New Jersey came in at No. 2 in Forbes' ranking of tax burden on residents.

New York was at the top of the list with Connecticut, California and Wisconsin rounding out the top 5.  The magazine said it determined its list by calculating the effective tax rate for single taxpayers earning a taxable income of $50,000, the average median income between 2009 and 2013, according to Census data.

New Jersey's state tax rate is at 2.54 percent, but a combined average local and state tax of 12.3 percent push the state to nearly the top of the list. By comparison, New York's state tax rate is 5.46 percent, with a 12.6 percent state and local burden.

If the New Jersey legislature in its lame duck session approves an increase on the state gas tax, the state could go to the top of the list.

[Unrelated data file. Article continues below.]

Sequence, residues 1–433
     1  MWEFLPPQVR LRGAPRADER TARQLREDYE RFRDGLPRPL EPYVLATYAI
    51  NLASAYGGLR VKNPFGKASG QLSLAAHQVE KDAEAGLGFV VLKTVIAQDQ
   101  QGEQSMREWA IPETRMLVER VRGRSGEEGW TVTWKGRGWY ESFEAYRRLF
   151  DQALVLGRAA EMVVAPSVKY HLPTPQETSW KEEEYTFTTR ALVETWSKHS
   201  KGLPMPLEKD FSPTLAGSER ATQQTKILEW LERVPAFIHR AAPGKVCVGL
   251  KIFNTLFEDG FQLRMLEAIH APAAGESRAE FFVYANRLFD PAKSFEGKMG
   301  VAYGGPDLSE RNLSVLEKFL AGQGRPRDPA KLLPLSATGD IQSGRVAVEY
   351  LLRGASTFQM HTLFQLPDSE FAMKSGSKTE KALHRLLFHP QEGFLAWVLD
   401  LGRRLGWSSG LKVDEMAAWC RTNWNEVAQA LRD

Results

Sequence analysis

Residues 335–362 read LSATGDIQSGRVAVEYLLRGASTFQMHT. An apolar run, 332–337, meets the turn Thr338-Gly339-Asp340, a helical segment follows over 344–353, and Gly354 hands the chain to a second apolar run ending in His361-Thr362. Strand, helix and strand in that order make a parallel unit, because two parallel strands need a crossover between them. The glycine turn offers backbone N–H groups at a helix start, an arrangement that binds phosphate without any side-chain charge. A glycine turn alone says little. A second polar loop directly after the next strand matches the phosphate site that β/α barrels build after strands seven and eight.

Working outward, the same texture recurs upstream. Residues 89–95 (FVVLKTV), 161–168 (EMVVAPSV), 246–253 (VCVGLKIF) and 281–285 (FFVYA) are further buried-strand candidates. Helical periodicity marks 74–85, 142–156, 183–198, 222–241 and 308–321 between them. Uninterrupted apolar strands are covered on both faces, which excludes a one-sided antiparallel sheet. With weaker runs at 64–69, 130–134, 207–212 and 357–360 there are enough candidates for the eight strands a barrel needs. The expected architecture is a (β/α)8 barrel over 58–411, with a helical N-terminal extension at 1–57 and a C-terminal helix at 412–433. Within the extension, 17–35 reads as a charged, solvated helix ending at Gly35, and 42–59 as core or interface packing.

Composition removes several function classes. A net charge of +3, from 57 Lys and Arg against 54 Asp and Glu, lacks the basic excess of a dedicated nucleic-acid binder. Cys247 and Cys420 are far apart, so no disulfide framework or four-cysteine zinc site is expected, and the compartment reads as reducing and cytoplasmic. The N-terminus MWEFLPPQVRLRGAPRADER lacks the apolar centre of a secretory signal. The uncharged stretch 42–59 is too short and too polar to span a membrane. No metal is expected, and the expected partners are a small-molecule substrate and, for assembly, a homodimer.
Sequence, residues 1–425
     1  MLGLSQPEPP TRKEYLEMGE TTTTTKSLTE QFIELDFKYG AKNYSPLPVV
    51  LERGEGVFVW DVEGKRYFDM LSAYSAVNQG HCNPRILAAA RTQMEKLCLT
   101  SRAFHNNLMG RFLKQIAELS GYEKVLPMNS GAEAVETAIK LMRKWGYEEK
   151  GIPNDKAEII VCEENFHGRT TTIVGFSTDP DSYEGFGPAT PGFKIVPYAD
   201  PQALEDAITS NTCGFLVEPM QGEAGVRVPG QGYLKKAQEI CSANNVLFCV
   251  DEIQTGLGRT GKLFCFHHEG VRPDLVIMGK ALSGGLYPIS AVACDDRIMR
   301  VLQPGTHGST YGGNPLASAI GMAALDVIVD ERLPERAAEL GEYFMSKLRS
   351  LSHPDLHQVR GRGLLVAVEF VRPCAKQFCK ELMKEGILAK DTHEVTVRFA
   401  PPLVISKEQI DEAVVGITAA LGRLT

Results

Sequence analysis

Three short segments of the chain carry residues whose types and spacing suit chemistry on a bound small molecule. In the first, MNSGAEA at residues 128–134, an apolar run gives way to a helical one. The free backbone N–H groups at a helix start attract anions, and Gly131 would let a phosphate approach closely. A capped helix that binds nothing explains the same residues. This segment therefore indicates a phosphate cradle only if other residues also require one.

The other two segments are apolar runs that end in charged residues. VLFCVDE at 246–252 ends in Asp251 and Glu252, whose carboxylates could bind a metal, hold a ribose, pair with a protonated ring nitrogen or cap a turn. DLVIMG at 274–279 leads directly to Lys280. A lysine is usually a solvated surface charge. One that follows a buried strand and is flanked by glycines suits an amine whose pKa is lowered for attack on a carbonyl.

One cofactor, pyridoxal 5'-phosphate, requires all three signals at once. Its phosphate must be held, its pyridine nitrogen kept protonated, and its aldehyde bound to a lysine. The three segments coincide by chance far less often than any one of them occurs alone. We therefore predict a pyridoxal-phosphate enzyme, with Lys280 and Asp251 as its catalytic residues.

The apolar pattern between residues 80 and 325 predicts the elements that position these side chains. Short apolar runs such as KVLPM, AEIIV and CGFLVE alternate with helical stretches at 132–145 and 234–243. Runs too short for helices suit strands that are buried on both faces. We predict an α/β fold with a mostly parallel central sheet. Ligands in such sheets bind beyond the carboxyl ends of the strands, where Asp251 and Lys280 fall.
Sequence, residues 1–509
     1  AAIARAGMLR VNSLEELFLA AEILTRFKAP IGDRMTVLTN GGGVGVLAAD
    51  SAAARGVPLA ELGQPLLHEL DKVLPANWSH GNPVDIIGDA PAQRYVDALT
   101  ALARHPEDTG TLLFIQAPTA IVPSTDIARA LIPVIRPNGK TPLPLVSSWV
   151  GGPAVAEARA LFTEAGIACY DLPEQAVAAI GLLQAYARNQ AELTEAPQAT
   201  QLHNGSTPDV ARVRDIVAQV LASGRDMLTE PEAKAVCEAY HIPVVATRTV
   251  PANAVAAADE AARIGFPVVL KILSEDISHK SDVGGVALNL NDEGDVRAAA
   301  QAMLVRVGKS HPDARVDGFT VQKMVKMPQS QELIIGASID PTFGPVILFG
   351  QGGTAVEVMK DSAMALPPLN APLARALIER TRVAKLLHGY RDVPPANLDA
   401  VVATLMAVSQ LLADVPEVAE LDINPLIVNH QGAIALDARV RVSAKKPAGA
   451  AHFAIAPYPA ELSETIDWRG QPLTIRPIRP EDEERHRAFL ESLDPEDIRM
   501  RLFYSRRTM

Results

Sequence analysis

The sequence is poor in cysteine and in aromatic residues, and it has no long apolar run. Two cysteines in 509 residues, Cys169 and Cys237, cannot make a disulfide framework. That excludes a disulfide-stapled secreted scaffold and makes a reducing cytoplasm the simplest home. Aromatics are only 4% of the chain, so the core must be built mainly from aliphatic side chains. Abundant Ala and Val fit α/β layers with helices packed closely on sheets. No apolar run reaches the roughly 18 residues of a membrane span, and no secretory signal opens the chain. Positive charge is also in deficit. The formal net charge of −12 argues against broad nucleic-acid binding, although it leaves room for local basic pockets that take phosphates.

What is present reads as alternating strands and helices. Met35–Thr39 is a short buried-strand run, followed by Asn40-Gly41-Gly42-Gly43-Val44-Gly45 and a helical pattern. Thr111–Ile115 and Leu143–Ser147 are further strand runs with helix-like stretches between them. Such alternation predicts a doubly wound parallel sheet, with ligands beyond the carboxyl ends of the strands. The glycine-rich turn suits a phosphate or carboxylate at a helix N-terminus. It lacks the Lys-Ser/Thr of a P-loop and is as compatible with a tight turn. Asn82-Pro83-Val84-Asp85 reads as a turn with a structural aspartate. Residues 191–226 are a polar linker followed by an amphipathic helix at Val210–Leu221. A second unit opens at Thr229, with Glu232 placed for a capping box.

On Tuesday night's Ask The Governor in the New Jersey 101.5 studio, Christie didn't completely close the door on a gas tax increase.

"Everything is on the table for discussion, but it must be done within the context of overall tax fairness to the people of New Jersey," he said. "If there is I'd consider any suggestions that they want to make regarding the Transportation Trust Fund."

Seven states don’t levy an income tax: Alaska, Florida, Nevada, South Dakota, Texas, Washington and Wyoming.